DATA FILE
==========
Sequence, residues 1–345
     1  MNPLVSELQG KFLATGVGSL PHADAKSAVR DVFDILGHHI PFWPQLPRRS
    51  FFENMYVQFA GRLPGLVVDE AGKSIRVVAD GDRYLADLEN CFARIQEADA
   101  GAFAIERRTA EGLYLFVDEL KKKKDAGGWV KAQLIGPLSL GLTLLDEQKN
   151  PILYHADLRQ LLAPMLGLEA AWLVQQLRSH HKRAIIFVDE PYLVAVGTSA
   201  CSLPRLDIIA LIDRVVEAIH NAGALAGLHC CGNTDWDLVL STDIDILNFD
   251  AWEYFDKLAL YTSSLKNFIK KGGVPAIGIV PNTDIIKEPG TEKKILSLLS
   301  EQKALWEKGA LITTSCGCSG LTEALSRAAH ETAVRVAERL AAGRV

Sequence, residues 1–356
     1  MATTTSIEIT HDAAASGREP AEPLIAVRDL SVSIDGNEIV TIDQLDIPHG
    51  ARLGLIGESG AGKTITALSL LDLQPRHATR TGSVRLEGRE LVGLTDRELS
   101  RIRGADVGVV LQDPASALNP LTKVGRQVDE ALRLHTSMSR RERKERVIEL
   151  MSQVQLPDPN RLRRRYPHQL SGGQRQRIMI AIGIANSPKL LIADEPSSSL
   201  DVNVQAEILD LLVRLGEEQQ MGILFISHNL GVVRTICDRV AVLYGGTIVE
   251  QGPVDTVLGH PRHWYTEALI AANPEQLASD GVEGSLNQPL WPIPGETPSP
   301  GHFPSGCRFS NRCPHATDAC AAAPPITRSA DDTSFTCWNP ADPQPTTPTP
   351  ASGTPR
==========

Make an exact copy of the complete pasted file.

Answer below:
Sequence, residues 1–345
     1  MNPLVSELQG KFLATGVGSL PHADAKSAVR DVFDILGHHI PFWPQLPRRS
    51  FFENMYVQFA GRLPGLVVDE AGKSIRVVAD GDRYLADLEN CFARIQEADA
   101  GAFAIERRTA EGLYLFVDEL KKKKDAGGWV KAQLIGPLSL GLTLLDEQKN
   151  PILYHADLRQ LLAPMLGLEA AWLVQQLRSH HKRAIIFVDE PYLVAVGTSA
   201  CSLPRLDIIA LIDRVVEAIH NAGALAGLHC CGNTDWDLVL STDIDILNFD
   251  AWEYFDKLAL YTSSLKNFIK KGGVPAIGIV PNTDIIKEPG TEKKILSLLS
   301  EQKALWEKGA LITTSCGCSG LTEALSRAAH ETAVRVAERL AAGRV

Sequence, residues 1–356
     1  MATTTSIEIT HDAAASGREP AEPLIAVRDL SVSIDGNEIV TIDQLDIPHG
    51  ARLGLIGESG AGKTITALSL LDLQPRHATR TGSVRLEGRE LVGLTDRELS
   101  RIRGADVGVV LQDPASALNP LTKVGRQVDE ALRLHTSMSR RERKERVIEL
   151  MSQVQLPDPN RLRRRYPHQL SGGQRQRIMI AIGIANSPKL LIADEPSSSL
   201  DVNVQAEILD LLVRLGEEQQ MGILFISHNL GVVRTICDRV AVLYGGTIVE
   251  QGPVDTVLGH PRHWYTEALI AANPEQLASD GVEGSLNQPL WPIPGETPSP
   301  GHFPSGCRFS NRCPHATDAC AAAPPITRSA DDTSFTCWNP ADPQPTTPTP
   351  ASGTPR